In one report by King’s College, London, and the Harvard Kennedy School, Johnson clearly warned the expected 50%-75% decline in international students due to the pandemic would uncover real vulnerabilities in the UK university management system.

 

According to him, universities in the UK have long been confined by the elements of “bureaucracy, obsessions with poorly-crafted immigration targets and petty rules”.

 

And to overcome these hurdles, he suggests the government reconsider the targets defined in the International Education Strategy. The UK Government should set additional targets for the country to be one of the top study destinations for international students after the United States of America.

 

According to Johnson, “For many years, the top three destinations for international students have been the United States, the United Kingdom, and Australia. But recently global student mobility has begun to shift.”

 

To preserve its space as the best study destination, it is important to give an indication that the country is open and willing to welcome and accommodate students from around the globe.

 

In order to achieve this, the government should “turbocharge” the effectiveness of the UK study visa offers with an extension of PSW visas from 2 to 4 years.

 

Apart from that, he also recommended the Home Office must rebalance its mix of non-UK students by doubling the number of Indian students.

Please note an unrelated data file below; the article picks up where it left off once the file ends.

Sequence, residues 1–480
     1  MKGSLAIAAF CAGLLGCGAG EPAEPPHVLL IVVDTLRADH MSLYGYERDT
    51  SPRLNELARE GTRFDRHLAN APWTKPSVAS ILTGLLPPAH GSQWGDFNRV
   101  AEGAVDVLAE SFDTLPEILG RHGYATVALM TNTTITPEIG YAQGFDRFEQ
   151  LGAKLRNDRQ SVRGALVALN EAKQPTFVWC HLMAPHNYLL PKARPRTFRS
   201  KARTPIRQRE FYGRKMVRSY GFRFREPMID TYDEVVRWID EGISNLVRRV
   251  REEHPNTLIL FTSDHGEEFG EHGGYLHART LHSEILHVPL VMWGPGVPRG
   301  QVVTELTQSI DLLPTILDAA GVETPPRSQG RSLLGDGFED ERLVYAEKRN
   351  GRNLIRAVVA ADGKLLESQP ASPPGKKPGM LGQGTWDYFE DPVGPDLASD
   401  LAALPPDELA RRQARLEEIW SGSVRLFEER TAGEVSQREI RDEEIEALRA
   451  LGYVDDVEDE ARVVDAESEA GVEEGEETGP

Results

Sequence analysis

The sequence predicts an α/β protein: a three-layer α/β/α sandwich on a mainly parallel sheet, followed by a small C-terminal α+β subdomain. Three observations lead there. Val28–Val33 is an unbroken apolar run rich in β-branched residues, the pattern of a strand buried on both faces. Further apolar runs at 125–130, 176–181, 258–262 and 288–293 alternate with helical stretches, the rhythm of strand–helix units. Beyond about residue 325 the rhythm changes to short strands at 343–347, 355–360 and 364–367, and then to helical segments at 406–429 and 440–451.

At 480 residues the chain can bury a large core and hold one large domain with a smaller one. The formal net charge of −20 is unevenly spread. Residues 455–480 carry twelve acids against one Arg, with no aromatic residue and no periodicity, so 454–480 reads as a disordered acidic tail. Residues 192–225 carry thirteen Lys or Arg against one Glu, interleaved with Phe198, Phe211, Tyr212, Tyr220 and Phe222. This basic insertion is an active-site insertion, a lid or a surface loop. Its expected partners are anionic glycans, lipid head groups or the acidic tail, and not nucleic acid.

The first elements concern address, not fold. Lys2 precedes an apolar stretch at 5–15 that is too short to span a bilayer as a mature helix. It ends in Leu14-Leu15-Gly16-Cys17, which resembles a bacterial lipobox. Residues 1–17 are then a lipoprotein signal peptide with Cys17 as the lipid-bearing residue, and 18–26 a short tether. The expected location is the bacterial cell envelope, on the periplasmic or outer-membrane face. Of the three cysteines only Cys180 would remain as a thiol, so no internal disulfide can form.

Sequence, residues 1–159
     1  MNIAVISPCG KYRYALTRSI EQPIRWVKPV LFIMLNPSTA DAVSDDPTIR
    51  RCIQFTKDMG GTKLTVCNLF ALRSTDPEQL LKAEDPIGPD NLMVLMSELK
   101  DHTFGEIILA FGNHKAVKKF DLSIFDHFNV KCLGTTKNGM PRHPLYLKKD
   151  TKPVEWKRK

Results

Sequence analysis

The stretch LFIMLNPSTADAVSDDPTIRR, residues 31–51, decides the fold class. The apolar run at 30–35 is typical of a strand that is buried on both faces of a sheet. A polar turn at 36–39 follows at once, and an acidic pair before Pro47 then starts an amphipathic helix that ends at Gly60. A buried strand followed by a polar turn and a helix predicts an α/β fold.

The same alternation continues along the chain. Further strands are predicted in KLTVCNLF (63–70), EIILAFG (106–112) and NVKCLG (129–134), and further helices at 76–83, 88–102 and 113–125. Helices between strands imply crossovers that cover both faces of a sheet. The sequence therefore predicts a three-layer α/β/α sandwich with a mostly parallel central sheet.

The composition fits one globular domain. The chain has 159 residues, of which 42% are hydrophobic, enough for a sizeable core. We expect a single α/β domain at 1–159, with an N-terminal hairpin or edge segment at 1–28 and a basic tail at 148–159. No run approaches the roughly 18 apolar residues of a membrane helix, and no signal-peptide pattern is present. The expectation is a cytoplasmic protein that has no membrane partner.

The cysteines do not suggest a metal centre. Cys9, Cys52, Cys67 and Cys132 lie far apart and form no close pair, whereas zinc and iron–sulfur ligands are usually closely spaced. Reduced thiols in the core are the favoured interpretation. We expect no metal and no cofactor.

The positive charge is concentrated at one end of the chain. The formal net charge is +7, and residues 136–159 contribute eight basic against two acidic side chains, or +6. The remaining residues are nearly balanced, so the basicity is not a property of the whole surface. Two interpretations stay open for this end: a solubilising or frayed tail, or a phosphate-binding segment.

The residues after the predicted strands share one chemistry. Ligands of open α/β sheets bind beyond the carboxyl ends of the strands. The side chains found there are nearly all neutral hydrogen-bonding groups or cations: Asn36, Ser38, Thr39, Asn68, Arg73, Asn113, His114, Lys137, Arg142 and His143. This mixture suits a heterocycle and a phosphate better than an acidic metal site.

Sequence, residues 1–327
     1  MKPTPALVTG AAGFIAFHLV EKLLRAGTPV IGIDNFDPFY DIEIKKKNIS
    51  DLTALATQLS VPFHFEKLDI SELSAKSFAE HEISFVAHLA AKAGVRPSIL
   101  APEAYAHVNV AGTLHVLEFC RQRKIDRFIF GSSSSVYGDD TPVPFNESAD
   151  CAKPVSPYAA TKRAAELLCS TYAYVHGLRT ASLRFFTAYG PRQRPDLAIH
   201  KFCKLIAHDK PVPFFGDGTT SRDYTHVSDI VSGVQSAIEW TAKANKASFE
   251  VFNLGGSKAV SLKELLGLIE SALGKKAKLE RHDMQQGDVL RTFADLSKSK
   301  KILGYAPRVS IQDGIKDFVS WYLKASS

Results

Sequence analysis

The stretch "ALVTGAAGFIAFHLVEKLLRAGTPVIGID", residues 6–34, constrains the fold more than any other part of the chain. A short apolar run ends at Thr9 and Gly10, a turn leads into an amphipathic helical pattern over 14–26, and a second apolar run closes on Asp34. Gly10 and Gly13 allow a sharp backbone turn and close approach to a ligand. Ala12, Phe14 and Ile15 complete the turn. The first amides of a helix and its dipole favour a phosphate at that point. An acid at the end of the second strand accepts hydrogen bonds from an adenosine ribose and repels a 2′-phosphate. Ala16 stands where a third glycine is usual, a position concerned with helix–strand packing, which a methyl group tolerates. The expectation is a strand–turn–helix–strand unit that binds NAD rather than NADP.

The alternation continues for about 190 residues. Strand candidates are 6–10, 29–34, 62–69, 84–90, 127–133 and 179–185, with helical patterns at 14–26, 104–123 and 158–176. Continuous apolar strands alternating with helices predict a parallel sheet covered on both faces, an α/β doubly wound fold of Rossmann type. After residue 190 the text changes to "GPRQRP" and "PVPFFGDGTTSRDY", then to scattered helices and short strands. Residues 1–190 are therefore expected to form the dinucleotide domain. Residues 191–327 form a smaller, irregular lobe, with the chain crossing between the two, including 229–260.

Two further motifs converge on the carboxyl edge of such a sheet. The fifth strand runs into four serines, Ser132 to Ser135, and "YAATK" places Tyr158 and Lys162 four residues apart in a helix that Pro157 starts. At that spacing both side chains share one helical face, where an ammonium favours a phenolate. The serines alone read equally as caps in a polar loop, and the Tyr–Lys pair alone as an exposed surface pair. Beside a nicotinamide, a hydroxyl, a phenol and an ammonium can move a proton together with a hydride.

According to him, “The UK is in a good position to upload a market share from the US in India and a further improvement in the post-study work offer would help the sector overcome new concerns about studying in the UK that has arisen in the wake of Covid-19.”

 

The Home Office has recently published an updated guideline to confirm all non-UK students, including Indians, will be eligible to access PSW rights at the end of their respective study courses.

According to Home Office, “Students will normally be expected to undertake their studies in the UK to be eligible for the Graduate route. However, if students are required to either continue their current studies or commence a new course by distance or blended learning due to COVID-19, they will still be eligible to switch into the Graduate route on a concessionary basis if they spent some time studying outside the UK.”

Many UK universities have already stated they will follow a mixed teaching system, which will include both online coaching sessions and in-person physical activities.

Universities in the UK have been urging the UK Government for measures to address the massive impact of the Covid-19 on the UK’s Higher Education sector.

Their efforts have also been recognized by the UK Government, and we have witnessed a colossal 136% leap in the total number of Indian student visas for 2020.

According to Vivienne Stern, Director of the UUki, “The Graduate route allows students to remain in the UK for two years after graduation to work or look for work, and this concession means Indian students starting a UK course this autumn will be eligible to apply even if they need to start their UK course online due to COVID-19. We welcome this concession, as this was one of the areas of flexibility we requested the government to consider in our ‘Kickstarting the Recovery’ paper.”

In conclusion, all UK universities are presently devising strategies that will address various possible scenarios in the 20/21 academic year. It is too soon to expect any clear guidance from the Home Office considering the country is still going through tough times. However, we suggest you contact your immigration lawyer for advice.